Microsatellite marker-based genetic diversity analysis and developing synthetic varieties in Alfalfa (Medicago sativa L.)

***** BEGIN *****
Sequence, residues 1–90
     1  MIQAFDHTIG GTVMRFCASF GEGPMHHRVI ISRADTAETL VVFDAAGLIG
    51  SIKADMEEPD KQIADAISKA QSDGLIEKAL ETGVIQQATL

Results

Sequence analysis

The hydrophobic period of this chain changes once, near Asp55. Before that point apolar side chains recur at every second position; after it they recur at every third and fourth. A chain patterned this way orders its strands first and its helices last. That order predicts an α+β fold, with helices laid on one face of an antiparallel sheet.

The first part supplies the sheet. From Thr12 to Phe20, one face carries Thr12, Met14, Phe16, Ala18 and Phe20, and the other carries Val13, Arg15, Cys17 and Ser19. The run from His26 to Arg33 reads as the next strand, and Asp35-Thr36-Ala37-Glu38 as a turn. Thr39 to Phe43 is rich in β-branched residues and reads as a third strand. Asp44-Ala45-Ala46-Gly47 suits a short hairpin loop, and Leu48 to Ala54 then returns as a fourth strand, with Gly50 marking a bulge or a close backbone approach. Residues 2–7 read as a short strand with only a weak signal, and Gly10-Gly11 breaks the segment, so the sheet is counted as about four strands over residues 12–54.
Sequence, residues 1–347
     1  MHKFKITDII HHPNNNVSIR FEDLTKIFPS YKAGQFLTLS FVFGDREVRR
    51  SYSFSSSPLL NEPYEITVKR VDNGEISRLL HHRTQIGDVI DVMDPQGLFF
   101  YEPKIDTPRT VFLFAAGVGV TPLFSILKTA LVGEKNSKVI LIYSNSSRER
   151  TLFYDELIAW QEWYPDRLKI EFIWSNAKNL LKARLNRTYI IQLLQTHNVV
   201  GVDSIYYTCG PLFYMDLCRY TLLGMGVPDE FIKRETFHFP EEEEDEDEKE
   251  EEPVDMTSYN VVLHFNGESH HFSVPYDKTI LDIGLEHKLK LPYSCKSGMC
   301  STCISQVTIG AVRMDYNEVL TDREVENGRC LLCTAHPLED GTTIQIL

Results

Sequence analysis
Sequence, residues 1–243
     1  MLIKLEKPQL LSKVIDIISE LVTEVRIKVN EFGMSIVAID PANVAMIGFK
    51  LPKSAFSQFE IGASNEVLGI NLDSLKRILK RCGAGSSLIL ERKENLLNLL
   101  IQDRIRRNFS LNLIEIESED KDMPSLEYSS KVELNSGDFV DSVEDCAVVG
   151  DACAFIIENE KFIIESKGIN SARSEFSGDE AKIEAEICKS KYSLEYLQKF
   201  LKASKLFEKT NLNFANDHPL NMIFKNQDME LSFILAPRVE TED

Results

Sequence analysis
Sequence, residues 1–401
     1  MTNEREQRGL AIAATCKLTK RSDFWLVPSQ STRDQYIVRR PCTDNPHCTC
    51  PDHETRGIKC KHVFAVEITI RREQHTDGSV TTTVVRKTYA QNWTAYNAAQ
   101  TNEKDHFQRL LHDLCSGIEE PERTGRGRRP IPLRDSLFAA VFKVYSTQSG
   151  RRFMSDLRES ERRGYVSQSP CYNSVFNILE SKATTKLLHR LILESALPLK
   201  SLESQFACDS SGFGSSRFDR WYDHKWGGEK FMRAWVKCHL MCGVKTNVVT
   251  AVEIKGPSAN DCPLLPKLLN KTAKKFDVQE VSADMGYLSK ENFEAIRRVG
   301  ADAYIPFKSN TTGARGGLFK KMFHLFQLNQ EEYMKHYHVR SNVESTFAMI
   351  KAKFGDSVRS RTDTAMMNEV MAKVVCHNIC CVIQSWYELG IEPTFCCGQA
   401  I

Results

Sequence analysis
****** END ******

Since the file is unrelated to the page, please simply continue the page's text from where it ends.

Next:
Abstract: Cultivated alfalfa (Medicago sativa L.) is an allogamous autotetraploid species with 2n = 4x = 32 chromosomes. Alfalfa is the most cultivated forage legume in the world mainly due to its wide adaptation to diverse environmental conditions and efficient nitrogen fixation ability. Kyrgyzstan is among the major alfalfa producing countries. The analysis of alfalfa genetic diversity helps to assess the future risk of genetic erosion and helps in the development of sustainable conservation strategies and wise use of the genetic variation in breeding programs. The aim of this Master thesis was to study the genetic diversity of alfalfa grown in Kyrgyzstan and in other countries and determine the genetic relationship using simple sequence repeat (SSR, microsatellite) molecular markers as well as to contribute to the development of synthetic alfalfa varieties for use as forage in Kyrgyzstan. A total of 78 cultivated alfalfa genotypes from 60 accessions representing 24 countries were used for the SSR analysis. Medicago lupulina and M. scutellata were represented by one sample each as outgroups. Ten SSR loci were analyzed in this study, nine of which were polymorphic. The locus AGGT-004 was monomorphic across the 78 cultivated alfalfa individuals analyzed. A total of 53 alleles were recorded across the ten loci of cultivated alfalfa accessions, with an average of 5.3 alleles per locus. The number of alleles (Na) for the nine polymorphic loci varied from two (locus ACT-026) to nine (locus AGAT-012). Of the ten SSR loci used, seven are highly recommended for alfalfa genetic diversity analysis, as high genetic variation was detected at these loci. The locus AGAT-012 is highly interesting in that it had several alleles at low frequencies which might be linked to desirable traits. At this locus, 98.6% of the individuals investigated were heterozygotes. Analysis of variance (AMOVA) revealed that 95% of the total genetic variation was found within countries and the remaining 5% differentiated the accessions according to their countries of origin (FST = 0.13; P = 0.005). AMOVA revealed no significant differentiation between accessions from the Western and Eastern countries (P = 0.14). The Jaccard similarity coefficient and cluster analysis revealed a significant genetic variation between Kyrgyz alfalfa genotypes, which is significant enough for alfalfa improvement, including the development of synthetic varieties. The use of Kyrgyz accessions, such as BM-5 and BM-9/4 for the development of synthetic varieties through crossing with genotypes from other Kyrgyz accessions is recommended, as the genotypes from these accessions were the most differentiated as compared to other genotypes originated from other Kyrgyz alfalfa accessions. The introduction of new alfalfa genetic material from countries such as Argentina, Oman, Australia, Iran, Iraq and Norway into Kyrgyzstan is a great opportunity to increase genetic variation in the alfalfa gene pool in the country.
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